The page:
Make sure you can access your accounts securely while you're away from home in a foreign country. You should get your PIN ready before going abroad. At some foreign ATMs, a four-digit PIN is the maximum that can be used. A zero at the beginning of your PIN is not a good idea, and you should memorize your PIN in numerical order in case you need to use an ATM in a foreign country that does not use the standard set of key symbols. Your credit card's PIN number may be required by some card readers abroad. The personal identification number (PIN) associated with your card will be required in these situations. It's best if you can recall your PIN and not have it written down or carried around in your wallet.

Be familiar with your health insurance policy's coverage details in case you require medical attention while abroad. It's important to know ahead of time which doctors in the area are part of your insurance network if you have a preexisting medical condition. It's possible that your insurance won't protect you if you get sick or injured while traveling abroad. Should this be the case, there are temporary plans available from private companies that cover international travel.

If you plan on traveling with permanent identification cards, you should bring at least two. It's important to remember that temporary cards don't always work, and that it may take several days for replacement cards to arrive. Verify the expiration dates on the cards and make a note of the customer service phone numbers; put both of these pieces of information somewhere safe. Think about getting a credit card from a bank or other issuer that uses chips if you'll be traveling internationally, as the chip makes it harder for thieves to steal your information and create a counterfeit card. To prevent merchants from seeing your actual credit card number when making purchases, you may want to add your eligible debit and credit cards to your device's digital wallet.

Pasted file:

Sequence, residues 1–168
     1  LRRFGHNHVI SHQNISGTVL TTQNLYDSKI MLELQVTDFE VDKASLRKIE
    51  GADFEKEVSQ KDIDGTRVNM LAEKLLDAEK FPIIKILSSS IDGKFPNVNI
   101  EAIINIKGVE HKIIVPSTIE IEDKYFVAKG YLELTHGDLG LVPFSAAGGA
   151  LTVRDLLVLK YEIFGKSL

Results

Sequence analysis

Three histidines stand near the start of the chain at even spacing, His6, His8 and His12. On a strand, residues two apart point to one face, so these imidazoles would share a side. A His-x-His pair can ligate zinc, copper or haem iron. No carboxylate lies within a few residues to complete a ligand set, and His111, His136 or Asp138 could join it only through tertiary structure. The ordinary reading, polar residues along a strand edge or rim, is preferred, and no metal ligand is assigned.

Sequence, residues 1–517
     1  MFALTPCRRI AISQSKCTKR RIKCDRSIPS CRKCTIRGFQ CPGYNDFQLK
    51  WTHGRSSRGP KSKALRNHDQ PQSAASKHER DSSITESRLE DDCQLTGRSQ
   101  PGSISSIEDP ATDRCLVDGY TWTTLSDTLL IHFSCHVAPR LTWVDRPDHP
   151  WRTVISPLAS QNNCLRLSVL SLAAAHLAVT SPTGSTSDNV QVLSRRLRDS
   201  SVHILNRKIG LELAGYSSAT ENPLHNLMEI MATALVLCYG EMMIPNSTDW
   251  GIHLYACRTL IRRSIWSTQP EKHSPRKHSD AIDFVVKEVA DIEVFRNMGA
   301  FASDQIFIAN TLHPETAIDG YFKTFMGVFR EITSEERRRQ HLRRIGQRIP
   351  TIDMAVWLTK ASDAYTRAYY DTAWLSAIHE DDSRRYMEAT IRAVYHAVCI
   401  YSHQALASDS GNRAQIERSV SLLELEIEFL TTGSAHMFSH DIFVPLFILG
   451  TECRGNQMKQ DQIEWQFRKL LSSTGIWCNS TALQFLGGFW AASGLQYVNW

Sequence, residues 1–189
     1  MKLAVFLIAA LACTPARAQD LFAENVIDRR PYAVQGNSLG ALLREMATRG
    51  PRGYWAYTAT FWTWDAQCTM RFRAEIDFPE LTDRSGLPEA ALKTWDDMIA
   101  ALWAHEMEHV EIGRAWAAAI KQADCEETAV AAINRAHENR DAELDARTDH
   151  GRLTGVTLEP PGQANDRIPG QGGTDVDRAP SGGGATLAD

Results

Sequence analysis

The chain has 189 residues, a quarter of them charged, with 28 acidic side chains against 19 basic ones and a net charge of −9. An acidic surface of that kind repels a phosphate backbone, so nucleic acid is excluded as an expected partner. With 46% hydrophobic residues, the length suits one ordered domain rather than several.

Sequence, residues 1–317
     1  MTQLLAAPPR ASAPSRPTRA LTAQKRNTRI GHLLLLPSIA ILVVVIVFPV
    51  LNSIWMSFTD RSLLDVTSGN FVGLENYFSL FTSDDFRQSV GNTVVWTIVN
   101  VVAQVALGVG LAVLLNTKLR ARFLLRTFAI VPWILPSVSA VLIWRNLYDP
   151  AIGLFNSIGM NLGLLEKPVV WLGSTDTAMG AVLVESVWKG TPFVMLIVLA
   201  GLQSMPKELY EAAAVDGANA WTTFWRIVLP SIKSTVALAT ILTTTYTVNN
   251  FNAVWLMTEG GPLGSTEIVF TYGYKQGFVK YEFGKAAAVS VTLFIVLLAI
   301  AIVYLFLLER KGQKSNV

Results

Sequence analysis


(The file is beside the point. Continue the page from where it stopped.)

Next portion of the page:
If you're taking a trip within the United States, it's smart to bring some cash in case your bank doesn't have any branches or ATMs where you plan to stop. Pre-ordering foreign currency is a good idea for any trip abroad. You can avoid the hassle of finding a currency exchange and instead immediately use your local currency to pay for taxis, snacks, and other incidentals upon landing.

While your bank may be a national chain, that doesn't mean there will be a branch or ATM near your destination. Locate the nearest place of interest to your intended destination. This is also true for trips across international borders. Travelers should research whether or not their domestic financial institution has formed relationships with foreign financial institutions. There is a chance that you can avoid ATM fees by using the services of a bank with which your own bank has an affiliation. Your bank's partner network information is probably readily available on the bank's website or via phone. Finding an international partner ATM is easy with Bank of America's locator.